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Newcastle Herald
Newcastle Herald
Madeline Link

'Foreshore's not just for a select few': harbour residents lose battle

Residents Barry Taylor, Marjorie Marsh, George Wollstenholme and Peter Stubbs have objected to the Huntington bar plan. Picture by Marina Neil


RESIDENTS of luxury waterfront apartment building Huntington have lost their battle against a new bar and restaurant build downstairs, in a decision one councillor predicts will cause a 'friction point' for years to come.

The majority of City of Newcastle councillors voted in favour of the Honeysuckle proposal, despite 38 submissions against the plans.

Independent Cr John Church was one of two councillors to reject the DA, arguing the residents came first.

"The residents when they first saw the DA approval of this property by DOMA, it specifically excluded hospitality as a conditional consent and what we're doing is turning that original DA on its head and doing the exact opposite," he said.

"People leaving a licensed premises after midnight after they've had a full gut of beer or grog or whatever, are going to be noisy, and for us to be sitting here suggesting we can just rely on self regulation and a plan of management is an absolute joke.

"It will require the residents to call up and complain and what we will do by approving this DA is create a friction point for a building and the adjacent buildings for years to come."

The bar, which will be located on the ground floor, will be allowed to stay open until midnight on Friday and Saturday, 11pm from Monday to Thursday and 10pm on Sundays.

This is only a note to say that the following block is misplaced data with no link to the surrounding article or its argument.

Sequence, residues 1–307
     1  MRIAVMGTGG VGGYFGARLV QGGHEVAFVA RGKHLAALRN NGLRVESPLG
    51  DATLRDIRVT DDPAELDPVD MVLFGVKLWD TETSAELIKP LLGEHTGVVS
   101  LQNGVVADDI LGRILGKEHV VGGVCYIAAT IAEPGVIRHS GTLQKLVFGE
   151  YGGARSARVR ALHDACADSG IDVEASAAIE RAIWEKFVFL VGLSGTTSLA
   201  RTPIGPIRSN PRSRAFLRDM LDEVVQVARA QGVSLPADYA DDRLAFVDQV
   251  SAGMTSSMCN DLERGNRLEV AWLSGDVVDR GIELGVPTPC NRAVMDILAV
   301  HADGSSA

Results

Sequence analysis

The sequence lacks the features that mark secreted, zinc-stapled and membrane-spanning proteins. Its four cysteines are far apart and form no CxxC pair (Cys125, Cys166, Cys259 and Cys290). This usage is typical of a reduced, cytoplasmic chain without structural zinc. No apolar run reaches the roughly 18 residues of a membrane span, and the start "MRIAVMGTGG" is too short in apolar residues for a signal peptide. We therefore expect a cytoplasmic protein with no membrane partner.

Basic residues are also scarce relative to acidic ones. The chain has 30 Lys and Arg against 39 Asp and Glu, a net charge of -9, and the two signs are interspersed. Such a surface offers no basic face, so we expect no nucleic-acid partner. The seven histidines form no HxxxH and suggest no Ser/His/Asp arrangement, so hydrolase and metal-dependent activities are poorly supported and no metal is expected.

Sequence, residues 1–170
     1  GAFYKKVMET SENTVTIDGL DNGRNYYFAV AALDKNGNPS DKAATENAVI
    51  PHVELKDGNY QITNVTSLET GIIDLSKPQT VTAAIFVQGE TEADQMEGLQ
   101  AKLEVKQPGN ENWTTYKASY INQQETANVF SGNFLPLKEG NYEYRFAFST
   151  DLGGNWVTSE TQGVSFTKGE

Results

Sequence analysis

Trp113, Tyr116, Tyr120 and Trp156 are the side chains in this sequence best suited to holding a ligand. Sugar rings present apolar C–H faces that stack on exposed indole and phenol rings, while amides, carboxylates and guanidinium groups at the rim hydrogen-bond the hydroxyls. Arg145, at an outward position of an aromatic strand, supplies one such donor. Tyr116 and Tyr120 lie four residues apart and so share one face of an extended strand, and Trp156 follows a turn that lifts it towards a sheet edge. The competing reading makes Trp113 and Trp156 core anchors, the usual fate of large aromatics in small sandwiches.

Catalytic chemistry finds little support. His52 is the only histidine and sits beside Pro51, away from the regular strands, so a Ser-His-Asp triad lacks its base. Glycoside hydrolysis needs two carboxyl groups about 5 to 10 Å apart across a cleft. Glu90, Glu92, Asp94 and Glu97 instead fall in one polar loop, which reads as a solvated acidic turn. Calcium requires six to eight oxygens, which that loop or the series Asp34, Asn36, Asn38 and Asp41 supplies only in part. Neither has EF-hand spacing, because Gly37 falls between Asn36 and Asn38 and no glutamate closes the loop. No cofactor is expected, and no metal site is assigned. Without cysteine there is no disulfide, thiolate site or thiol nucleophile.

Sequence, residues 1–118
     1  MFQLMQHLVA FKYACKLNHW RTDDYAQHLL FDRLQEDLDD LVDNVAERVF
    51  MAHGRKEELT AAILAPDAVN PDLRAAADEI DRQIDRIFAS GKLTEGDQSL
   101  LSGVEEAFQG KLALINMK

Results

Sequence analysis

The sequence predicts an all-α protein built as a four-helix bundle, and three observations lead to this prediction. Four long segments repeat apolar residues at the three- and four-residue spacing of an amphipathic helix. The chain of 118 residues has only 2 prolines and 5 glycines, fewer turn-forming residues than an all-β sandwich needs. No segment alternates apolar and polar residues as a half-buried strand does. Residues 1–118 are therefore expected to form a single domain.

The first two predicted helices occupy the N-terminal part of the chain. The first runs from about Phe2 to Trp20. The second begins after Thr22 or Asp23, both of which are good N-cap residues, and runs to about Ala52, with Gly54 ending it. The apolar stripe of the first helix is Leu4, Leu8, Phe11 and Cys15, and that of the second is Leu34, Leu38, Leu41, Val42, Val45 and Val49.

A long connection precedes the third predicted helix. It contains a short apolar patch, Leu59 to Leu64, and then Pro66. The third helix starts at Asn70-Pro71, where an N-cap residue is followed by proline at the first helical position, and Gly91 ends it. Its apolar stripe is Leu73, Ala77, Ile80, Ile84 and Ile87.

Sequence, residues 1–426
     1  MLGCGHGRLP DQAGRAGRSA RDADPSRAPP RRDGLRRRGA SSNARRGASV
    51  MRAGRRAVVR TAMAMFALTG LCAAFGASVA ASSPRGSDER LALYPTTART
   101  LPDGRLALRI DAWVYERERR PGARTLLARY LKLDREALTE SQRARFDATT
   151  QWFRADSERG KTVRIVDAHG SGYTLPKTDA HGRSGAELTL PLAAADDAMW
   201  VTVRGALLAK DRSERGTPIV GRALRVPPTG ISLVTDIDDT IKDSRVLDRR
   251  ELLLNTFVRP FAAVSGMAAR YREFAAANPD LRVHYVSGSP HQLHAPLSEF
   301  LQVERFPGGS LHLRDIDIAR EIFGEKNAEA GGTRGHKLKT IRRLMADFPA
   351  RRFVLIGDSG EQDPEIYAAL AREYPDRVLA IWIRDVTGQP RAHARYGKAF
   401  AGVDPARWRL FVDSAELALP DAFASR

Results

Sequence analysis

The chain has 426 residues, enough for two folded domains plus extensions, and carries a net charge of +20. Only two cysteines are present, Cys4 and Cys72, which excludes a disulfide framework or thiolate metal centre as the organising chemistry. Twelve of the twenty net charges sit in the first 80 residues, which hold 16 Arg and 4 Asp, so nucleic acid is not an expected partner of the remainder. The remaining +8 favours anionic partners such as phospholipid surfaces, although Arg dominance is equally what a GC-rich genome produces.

At Tuesday night's meeting, councillors pointed out the proponent, Damian O'Reilly, had made changes to the original proposal in response to concerns from residents - dropping the overall capacity from 530 patrons to 475 and the outdoor area from 355 to 300.

Labor Cr Carol Duncan made the case that the harbour foreshore is for everybody to enjoy, not just a select few.

"While I do appreciate so much the comments of residents about having worked for a lifetime to be able to live there, I think we need to remind ourselves that the centre of our city and our harbour foreshore is not a dormitory suburb," she said.

"It is an area that all Novocastrians should be able to enjoy, no matter where they live, and our visitors to this city as well."

In submissions, residents raised particular concerns about noise levels, anti-social behaviour and safety - but on Tuesday night councillors remained confident an acoustic report, which will be reviewed after two months of operation, combined with a plan of management would mitigate those issues.

Greens Cr John Mackenzie said it came down to a "complicated trade-off" between the city's night-time economy and the rights of the residents to enjoy where they live.

"On the one hand, this council has definitely shown a preference for supporting the night-time economy and making sure that we benefit from all the positive things that brings, particularly hospitality jobs for casual workers and others, but also activating our tourist economy and making sure we do have that vibrancy in economic activity in the CBD," he said.

"I guess in that trade off is where we try to make sure we use the conditions of consent and venue management plans to get the best possible balance between those two often competing sets of values."

The development application was approved, with both Cr Church and Cr Katrina Wark voting against the proposal.